— AALIYAH LEGION (@AaliyahLegion) April 1, 2020

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Singers Adrienne Bailon (L) and Kiely Williams of the 'Cheetah Girls' pose for photos around Mercedes Benz Fashion Week held at Smashbox Studios on October 18, 2007 in Culver City, California.
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Kiely Williams Explains Fallout With Adrienne Bailon Houghton And Alleged Fight With Raven-Symonè

Our current isolated way of life has given some plenty of time for reflection like Kiely Williams of the former girl group 3LW and The Cheetah Girls (ask your kids). The tales of both successful groups have been told time after time by fans in YouTube documentaries and members of each collective but Williams has decided to share her side of the story.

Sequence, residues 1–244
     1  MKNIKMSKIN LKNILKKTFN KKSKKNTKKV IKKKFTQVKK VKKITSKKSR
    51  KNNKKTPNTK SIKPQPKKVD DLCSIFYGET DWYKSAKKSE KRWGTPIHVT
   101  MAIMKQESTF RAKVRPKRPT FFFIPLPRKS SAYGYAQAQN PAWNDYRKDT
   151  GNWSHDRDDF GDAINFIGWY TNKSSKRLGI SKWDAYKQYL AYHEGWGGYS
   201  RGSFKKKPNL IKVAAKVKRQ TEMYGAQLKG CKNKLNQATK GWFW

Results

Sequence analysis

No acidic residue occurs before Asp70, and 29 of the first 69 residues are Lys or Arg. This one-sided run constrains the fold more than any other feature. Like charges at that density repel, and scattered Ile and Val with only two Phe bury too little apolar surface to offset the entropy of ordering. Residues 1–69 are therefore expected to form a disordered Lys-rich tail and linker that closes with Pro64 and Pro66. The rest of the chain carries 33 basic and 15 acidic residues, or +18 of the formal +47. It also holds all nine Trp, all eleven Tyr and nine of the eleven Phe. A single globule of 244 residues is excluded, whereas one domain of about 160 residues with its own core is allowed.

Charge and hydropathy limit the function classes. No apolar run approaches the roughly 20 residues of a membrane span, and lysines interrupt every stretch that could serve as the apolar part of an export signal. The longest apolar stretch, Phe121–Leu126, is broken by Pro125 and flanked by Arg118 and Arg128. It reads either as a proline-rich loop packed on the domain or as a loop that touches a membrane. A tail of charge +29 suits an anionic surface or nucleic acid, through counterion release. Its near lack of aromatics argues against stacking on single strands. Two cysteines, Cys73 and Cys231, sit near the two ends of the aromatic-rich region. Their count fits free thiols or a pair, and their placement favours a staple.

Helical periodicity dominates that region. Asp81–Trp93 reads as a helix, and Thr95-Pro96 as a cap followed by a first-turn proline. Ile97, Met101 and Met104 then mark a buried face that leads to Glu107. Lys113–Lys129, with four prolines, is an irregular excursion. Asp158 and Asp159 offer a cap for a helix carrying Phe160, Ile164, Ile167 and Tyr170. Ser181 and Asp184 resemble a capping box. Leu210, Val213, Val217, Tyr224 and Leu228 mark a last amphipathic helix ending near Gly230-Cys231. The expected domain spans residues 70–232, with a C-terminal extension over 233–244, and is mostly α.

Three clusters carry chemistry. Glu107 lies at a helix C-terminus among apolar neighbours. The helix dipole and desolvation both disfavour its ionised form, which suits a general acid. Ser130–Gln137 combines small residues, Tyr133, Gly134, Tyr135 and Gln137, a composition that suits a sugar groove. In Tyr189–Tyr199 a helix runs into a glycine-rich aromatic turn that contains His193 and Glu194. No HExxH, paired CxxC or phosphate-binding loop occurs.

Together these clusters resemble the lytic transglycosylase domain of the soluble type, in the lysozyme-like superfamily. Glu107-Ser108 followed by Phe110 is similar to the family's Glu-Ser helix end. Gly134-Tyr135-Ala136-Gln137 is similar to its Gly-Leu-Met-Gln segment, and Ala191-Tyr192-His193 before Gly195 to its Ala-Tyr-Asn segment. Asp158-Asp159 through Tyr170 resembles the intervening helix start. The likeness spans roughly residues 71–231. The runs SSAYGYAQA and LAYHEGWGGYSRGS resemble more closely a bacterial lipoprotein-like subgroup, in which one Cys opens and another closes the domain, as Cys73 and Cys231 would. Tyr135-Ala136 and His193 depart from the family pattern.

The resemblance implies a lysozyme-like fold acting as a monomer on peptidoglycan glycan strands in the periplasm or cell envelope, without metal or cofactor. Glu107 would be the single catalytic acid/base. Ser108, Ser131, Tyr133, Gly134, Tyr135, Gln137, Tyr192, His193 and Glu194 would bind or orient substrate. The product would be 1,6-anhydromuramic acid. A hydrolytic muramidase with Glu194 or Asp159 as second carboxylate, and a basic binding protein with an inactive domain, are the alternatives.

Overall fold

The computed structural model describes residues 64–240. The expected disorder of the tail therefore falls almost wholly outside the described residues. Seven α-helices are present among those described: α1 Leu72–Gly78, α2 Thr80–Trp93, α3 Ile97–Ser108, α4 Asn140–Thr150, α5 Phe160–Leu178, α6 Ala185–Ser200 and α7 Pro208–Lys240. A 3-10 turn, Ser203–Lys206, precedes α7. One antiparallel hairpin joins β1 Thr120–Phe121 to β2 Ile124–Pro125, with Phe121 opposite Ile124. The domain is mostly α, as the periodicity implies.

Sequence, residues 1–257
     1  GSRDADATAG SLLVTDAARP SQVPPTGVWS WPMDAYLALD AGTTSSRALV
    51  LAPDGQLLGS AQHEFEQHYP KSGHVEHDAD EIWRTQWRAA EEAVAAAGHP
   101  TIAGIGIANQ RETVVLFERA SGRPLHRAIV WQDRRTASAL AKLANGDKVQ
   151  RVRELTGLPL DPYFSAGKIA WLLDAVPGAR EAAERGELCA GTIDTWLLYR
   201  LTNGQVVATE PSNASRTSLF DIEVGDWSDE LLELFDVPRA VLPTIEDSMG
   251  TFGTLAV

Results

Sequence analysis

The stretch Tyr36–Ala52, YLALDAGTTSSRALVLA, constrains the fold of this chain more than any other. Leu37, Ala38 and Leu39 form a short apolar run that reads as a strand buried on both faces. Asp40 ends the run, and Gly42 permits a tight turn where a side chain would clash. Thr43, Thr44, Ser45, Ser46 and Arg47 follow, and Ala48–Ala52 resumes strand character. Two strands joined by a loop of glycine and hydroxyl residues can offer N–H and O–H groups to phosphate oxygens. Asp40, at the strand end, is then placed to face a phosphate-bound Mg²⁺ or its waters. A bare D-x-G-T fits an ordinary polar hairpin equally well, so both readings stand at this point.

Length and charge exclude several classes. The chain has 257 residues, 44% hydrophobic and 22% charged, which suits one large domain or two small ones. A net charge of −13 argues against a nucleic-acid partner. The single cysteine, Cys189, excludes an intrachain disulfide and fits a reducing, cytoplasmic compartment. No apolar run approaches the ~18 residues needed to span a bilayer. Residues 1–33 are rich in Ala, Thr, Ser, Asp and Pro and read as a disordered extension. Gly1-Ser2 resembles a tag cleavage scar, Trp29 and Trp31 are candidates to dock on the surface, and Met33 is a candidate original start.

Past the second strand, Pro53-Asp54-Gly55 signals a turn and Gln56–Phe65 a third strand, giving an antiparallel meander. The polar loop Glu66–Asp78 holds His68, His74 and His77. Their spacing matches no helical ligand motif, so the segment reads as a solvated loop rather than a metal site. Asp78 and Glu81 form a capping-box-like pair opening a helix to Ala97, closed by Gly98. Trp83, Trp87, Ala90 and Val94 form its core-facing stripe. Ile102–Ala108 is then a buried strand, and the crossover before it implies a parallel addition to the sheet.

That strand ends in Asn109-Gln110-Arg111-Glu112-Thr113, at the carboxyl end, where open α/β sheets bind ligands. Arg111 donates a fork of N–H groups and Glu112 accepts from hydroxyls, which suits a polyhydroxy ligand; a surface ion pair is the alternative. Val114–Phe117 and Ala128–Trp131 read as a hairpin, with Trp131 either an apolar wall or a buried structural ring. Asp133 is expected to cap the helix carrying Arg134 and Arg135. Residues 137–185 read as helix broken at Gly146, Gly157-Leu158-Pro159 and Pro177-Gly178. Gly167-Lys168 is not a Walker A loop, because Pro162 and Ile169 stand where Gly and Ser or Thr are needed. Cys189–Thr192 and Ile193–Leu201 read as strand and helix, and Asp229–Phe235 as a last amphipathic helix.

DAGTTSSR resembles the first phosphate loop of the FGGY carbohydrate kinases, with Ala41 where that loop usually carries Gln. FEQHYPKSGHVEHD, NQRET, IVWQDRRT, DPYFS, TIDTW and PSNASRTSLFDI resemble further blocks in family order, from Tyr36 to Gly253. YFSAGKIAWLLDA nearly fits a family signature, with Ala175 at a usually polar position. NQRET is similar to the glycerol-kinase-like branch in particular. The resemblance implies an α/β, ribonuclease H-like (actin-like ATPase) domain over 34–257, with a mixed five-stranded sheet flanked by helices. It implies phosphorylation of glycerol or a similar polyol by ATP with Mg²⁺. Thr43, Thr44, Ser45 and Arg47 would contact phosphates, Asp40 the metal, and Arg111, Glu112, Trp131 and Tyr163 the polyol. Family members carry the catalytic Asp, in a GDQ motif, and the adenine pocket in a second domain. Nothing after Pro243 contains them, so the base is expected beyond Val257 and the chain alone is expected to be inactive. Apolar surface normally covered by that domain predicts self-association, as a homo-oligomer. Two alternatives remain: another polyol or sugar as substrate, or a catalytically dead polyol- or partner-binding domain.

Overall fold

Williams hopped on Live Monday (March 30) where she discussed her former friendship with The Real co-host Adrienne Bailon Houghton and the infamous chicken throwing fight with actress/singer Naturi Naughton. The mother of one didn't pinpoint exactly why she fell out with Houghton but did point out how she wouldn't be interested in appearing on her talk show.

"I don't think Adrienne wants to have live TV with me," Williams said. "'Cause she's gon' have to say, 'Yes Kiely, I did pretend to be your best friend. Now, I am not.' You were either lying then or you're lying now. You either were my best friend and now you're just not claiming me or you were pretending [to be my best friend."